Campbell Brown

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For the Australian rules footballer, see Campbell Brown (footballer).
Campbell Brown
CNN's Campbell Brown.jpg
Brown at the Greater Talent Network’s 30th Anniversary, NYC, May 2, 2012
Born Alma Dale Campbell Brown
(1968-06-14) June 14, 1968 (age 46)
Ferriday, Louisiana, United States[1][2]
Status Married
Education Regis University
Occupation Broadcast journalist
Notable credit(s) Co-anchor of Weekend Today
Anchor of CNN Election Center
Anchor of Campbell Brown: No Bias, No Bull
Anchor of Campbell Brown
Religion raised Roman Catholic, converted to Judaism
Spouse(s) Peregrine "Pere" Roberts (divorced)
Dan Senor (2006 - present)
Children Eli James Senor (b. December 18, 2007)
Asher Liam Senor (b. April 6, 2009)
Awards Emmy Award

Alma Dale Campbell Brown (born June 14, 1968) is an American television news reporter and anchorwoman. She previously hosted the Campbell Brown Show on CNN and was the former co-anchor of Weekend Today on NBC-TV. Brown won an Emmy Award as part of the NBC-TV team reporting on Hurricane Katrina.[3][4] In 2013 she became an education activist as founder and head of the Parents Transparency Project.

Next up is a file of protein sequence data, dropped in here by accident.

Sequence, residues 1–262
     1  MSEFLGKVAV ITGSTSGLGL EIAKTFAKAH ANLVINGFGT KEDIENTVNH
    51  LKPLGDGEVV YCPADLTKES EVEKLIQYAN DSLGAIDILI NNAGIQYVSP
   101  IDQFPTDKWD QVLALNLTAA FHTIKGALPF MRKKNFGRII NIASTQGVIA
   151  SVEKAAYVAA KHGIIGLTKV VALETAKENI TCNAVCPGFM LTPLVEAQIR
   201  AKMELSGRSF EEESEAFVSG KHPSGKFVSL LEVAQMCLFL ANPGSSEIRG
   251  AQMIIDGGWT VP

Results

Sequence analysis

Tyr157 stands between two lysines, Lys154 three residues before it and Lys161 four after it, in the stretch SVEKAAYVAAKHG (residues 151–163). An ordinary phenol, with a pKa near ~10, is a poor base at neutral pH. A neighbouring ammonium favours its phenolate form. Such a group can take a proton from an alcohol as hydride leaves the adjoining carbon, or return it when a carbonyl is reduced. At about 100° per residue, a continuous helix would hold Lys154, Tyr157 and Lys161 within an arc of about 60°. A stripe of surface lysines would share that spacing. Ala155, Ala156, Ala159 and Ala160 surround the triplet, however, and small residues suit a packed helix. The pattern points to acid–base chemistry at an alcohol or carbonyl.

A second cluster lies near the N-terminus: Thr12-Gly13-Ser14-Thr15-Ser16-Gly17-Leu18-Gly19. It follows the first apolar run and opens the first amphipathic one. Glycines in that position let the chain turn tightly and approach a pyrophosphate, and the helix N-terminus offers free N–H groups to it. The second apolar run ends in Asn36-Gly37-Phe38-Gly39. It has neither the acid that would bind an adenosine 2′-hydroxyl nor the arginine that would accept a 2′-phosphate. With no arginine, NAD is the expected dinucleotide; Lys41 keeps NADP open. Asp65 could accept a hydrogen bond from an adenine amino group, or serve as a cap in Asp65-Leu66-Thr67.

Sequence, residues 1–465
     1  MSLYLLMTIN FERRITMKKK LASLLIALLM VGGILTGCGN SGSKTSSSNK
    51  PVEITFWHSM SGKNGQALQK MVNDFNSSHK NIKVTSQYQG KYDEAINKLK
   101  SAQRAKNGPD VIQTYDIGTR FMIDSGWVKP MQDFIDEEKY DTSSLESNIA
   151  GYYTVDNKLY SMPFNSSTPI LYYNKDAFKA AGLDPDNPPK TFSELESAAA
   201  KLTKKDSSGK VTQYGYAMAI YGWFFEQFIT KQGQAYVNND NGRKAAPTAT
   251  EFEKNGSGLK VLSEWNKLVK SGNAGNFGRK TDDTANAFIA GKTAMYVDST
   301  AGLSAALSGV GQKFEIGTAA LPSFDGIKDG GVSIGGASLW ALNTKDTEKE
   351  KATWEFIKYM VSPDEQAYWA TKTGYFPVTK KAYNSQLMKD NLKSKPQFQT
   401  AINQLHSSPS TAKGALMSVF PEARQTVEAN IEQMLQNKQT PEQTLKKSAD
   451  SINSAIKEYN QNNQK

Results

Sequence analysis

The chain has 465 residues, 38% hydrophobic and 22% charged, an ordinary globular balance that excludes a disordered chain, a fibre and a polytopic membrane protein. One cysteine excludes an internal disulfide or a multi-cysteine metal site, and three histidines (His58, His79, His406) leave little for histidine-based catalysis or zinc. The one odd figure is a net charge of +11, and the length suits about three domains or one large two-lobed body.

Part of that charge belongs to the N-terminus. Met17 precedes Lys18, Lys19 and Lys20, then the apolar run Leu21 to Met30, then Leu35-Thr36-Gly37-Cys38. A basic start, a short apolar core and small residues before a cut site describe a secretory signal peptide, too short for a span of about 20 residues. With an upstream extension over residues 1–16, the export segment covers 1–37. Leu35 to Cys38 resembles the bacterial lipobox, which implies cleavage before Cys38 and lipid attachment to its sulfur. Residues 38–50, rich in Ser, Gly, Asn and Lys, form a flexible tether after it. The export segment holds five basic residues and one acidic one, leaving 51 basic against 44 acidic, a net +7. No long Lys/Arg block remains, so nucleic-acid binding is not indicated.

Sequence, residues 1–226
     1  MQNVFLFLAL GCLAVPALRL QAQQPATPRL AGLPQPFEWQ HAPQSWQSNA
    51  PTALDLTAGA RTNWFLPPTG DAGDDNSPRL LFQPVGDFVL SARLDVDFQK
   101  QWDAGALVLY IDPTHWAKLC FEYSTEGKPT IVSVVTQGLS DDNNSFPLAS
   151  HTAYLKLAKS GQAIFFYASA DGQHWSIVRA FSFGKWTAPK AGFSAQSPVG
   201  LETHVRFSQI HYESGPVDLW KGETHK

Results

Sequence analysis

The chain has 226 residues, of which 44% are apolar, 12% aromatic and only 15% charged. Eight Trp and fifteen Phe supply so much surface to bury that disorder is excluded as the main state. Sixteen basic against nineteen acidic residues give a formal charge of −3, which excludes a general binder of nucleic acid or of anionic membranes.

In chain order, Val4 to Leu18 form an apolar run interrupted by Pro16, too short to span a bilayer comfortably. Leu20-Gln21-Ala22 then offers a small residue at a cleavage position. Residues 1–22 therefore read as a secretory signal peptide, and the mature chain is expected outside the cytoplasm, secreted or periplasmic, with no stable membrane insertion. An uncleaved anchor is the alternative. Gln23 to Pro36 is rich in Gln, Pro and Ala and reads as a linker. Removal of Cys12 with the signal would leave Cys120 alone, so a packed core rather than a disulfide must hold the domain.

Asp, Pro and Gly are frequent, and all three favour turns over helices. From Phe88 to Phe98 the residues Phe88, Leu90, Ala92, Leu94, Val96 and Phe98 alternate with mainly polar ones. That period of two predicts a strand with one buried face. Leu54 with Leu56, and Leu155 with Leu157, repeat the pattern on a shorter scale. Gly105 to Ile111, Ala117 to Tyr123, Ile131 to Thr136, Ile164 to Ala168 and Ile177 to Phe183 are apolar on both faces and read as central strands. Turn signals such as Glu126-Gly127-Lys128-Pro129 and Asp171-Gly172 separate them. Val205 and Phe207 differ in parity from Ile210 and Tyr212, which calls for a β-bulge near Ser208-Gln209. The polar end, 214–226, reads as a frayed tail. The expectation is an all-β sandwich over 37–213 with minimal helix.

Early life and family[edit]

Campbell Brown was born Alma Dale Campbell Brown in Ferriday, Louisiana, the daughter of the former Louisiana Democratic State Senator and Secretary of State James H. Brown Jr., and Brown's first wife, Dale Campbell.[1][2] According to Brown, "Alma Dale" was her grandmother's name, while "Campbell" was her mother's maiden name.[5]

Brown was raised as a Roman Catholic,[6][7] though her father is a Presbyterian. She has two sisters.[8]

Brown grew up in Ferriday, Louisiana, and she attended the Trinity Episcopal Day School. Her family was involved in hunting, politics, and cooking, "It was all about Cajun and tight-knit families and big parties," Brown has said.[9]

She was expelled from the Madeira School for sneaking off campus to go to a party.[10] Brown attended Louisiana State University for two years before graduating from Regis University. After graduation, she spent a year teaching English in Czechoslovakia.[11] in her 2006 wedding announcement in the New York Times, she was described as having "spent her postcollege years as a Colorado ski bum." [9]